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|Title:||Shanghai between state and market in urban transformation|
|Citation:||Han, S.S. (2000). Shanghai between state and market in urban transformation. Urban Studies 37 (11) : 2091-2112. ScholarBank@NUS Repository.|
|Abstract:||Economic liberalisation has brought fascinating changes to China's urban development by undermining state control and introducing market forces to economic decision-making, raising the fundamental question of what are the current roles of state and market in urban transformation. By using Shanghaias an example, this paper argues that the stereotype perception of rigid state intervention is no longer applicable towards an understanding of China's urban transformation. The same is true of the overwhelmingly described market influences. Rather, urban development in contemporary China is shaped by the interplay between state and market. The state plays the key role in determining the timing, the pace and the economic and spatial configuration of Shanghai's development, while the market is an indispensable part in central and local state decision-making. With the continuous reform and economic liberalisation, China is moving towards a small government and a sea of private enterprises. Whether and how the state remains in firm control, and how the state and market interact with each other in shaping China's urban transformation remains to be seen in the present century.|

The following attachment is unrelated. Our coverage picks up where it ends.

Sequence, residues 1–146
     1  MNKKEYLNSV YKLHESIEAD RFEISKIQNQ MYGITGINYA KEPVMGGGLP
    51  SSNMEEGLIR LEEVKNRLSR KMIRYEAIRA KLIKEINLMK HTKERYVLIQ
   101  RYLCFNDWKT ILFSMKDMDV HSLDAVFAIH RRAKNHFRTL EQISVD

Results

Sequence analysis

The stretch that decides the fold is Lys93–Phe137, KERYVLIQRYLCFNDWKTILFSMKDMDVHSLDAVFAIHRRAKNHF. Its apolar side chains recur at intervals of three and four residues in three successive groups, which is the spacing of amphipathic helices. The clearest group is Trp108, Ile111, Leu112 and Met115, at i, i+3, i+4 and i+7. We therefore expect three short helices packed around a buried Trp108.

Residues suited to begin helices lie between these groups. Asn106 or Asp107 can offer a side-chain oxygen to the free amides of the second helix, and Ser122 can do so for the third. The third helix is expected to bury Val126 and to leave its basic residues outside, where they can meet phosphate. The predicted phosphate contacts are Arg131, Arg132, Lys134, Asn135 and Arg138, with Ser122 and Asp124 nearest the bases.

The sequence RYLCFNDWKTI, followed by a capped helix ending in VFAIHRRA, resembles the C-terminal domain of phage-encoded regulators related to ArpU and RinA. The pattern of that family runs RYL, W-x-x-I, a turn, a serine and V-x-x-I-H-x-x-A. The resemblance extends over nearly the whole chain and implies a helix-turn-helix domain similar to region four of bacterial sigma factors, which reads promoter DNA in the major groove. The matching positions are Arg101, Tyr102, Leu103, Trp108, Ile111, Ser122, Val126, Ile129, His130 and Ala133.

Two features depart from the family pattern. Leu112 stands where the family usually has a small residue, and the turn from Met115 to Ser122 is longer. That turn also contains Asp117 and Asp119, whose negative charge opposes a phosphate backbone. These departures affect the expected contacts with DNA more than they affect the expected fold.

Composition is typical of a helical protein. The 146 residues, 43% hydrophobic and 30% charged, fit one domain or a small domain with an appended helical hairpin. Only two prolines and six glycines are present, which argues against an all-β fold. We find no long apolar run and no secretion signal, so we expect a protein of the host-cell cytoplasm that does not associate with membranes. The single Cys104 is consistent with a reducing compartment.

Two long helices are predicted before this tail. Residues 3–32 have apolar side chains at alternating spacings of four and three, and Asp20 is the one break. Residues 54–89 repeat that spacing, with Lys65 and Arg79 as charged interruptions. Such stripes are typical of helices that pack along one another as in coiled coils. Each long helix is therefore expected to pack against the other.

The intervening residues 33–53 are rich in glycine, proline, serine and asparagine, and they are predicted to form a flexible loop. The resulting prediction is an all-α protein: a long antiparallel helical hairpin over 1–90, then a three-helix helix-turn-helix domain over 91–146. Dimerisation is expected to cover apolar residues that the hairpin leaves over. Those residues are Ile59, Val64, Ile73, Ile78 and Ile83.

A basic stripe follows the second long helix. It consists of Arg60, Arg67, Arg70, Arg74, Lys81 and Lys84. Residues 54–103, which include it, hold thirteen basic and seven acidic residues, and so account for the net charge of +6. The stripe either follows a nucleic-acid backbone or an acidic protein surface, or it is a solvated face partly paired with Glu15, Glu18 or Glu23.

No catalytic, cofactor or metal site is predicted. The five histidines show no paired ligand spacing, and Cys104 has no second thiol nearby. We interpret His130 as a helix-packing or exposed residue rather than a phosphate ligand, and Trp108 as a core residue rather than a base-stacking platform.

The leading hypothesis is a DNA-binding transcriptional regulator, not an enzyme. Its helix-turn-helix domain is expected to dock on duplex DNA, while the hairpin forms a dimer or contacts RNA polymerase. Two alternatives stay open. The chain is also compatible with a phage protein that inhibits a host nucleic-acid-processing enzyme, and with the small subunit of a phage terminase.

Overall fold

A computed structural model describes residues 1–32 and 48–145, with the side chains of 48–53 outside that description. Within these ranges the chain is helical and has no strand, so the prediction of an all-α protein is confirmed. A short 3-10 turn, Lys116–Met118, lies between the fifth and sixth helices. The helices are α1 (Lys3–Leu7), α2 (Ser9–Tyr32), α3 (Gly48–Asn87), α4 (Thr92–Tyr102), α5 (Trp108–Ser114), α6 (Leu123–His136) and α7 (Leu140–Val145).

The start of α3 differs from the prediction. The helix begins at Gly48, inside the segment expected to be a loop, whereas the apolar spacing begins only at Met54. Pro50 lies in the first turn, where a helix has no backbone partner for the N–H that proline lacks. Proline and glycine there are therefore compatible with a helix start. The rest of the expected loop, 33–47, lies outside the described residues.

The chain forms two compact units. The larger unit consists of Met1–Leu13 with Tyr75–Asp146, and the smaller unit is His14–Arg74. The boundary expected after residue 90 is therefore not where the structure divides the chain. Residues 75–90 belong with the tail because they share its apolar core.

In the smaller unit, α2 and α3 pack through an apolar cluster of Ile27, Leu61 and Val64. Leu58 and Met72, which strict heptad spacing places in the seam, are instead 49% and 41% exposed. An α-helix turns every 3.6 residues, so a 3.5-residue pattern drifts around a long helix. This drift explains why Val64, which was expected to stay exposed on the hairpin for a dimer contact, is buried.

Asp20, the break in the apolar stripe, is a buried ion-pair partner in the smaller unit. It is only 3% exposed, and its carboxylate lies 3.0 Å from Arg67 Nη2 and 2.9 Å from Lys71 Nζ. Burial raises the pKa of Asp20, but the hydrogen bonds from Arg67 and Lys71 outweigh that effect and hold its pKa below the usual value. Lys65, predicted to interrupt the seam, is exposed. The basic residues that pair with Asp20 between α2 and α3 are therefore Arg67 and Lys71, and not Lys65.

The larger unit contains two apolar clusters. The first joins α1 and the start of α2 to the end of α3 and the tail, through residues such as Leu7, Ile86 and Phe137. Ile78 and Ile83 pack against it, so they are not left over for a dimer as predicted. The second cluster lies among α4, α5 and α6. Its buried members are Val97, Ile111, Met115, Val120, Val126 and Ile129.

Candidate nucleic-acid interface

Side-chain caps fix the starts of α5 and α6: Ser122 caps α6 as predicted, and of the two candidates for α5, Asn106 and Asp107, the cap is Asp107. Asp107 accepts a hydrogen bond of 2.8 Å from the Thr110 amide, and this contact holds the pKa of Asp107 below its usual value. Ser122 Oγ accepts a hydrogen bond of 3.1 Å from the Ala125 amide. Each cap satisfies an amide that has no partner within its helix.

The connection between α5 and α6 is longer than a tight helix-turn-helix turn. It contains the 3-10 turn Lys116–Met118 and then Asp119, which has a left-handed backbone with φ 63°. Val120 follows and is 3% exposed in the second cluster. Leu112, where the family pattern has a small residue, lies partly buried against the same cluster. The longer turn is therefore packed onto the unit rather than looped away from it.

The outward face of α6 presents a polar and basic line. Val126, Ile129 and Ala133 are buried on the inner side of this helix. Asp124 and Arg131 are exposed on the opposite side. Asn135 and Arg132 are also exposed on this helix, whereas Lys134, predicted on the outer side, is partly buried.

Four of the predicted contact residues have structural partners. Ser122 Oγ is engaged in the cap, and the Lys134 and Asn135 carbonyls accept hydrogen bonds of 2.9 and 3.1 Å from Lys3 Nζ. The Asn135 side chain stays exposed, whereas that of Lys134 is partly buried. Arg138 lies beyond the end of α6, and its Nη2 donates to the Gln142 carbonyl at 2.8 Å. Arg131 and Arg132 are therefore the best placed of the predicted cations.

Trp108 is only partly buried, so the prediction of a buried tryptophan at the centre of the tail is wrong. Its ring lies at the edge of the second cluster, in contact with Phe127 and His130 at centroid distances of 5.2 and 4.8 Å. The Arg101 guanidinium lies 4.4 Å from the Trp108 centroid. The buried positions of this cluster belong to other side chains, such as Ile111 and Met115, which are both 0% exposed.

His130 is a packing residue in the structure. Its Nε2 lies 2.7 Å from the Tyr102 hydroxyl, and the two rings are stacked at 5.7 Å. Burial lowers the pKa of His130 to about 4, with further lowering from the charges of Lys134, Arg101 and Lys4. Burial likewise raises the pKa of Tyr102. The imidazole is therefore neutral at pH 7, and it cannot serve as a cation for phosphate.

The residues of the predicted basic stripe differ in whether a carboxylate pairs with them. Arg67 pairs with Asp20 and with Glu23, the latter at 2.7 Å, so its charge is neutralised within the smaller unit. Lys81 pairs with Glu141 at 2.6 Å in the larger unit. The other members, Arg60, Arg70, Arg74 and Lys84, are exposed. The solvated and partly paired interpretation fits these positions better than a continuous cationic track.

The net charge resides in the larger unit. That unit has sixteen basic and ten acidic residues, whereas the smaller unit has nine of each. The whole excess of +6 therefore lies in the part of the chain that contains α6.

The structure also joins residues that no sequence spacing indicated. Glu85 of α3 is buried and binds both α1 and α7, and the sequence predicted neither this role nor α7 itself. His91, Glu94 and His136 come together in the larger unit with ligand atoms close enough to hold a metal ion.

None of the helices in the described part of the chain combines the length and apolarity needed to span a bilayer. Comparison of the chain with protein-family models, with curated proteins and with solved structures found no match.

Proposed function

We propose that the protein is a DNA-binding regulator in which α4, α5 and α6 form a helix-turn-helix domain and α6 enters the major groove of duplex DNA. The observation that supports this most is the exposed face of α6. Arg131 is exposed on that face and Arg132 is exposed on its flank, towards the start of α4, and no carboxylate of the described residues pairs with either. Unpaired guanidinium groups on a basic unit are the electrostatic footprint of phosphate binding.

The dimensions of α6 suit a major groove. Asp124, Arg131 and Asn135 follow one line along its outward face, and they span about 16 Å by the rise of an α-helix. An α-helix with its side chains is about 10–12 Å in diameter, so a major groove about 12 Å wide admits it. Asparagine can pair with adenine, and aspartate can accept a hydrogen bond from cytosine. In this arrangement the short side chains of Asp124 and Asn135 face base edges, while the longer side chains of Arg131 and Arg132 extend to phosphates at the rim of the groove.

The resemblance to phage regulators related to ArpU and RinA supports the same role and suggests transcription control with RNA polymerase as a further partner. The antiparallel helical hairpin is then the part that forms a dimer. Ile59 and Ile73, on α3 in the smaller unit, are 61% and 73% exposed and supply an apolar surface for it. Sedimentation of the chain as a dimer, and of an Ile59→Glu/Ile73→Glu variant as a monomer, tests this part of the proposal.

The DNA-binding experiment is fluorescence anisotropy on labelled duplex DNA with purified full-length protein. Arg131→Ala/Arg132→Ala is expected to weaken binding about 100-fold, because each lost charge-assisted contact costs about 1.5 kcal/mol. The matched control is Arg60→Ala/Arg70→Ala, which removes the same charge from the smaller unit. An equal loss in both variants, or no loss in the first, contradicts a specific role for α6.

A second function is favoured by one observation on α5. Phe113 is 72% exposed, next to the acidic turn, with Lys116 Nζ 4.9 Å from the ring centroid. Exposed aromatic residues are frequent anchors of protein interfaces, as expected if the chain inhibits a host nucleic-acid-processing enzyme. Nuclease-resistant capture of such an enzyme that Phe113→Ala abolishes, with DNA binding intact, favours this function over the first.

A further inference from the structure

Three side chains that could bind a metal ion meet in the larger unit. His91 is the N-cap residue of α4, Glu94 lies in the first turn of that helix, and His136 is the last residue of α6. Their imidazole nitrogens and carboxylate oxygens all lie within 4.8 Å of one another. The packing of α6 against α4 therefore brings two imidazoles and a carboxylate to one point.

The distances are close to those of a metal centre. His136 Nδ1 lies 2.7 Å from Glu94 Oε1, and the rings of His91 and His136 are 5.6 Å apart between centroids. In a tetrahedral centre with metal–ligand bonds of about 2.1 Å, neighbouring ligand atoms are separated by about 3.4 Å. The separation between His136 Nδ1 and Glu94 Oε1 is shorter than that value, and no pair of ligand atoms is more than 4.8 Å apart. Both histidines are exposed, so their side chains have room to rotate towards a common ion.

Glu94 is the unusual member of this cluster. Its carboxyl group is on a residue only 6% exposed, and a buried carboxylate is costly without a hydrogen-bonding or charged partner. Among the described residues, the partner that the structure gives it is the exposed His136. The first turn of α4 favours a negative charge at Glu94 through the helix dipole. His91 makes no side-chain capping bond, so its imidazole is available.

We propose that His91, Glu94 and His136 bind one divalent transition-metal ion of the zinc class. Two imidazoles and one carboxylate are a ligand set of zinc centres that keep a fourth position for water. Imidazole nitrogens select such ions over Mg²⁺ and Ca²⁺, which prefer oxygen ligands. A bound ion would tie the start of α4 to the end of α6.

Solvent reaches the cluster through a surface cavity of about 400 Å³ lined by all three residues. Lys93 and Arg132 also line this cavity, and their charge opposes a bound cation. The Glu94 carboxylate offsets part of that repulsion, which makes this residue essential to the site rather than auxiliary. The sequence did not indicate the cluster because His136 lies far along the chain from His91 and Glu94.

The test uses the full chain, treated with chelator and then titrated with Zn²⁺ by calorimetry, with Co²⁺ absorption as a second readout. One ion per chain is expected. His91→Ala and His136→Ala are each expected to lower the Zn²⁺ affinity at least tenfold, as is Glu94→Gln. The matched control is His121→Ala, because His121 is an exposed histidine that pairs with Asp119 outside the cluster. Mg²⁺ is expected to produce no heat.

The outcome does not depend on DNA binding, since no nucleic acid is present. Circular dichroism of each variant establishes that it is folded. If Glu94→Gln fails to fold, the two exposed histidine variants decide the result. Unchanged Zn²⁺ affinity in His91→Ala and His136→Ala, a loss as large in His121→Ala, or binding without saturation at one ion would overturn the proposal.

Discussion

|Source Title:||Urban Studies|
|Appears in Collections:||Staff Publications|
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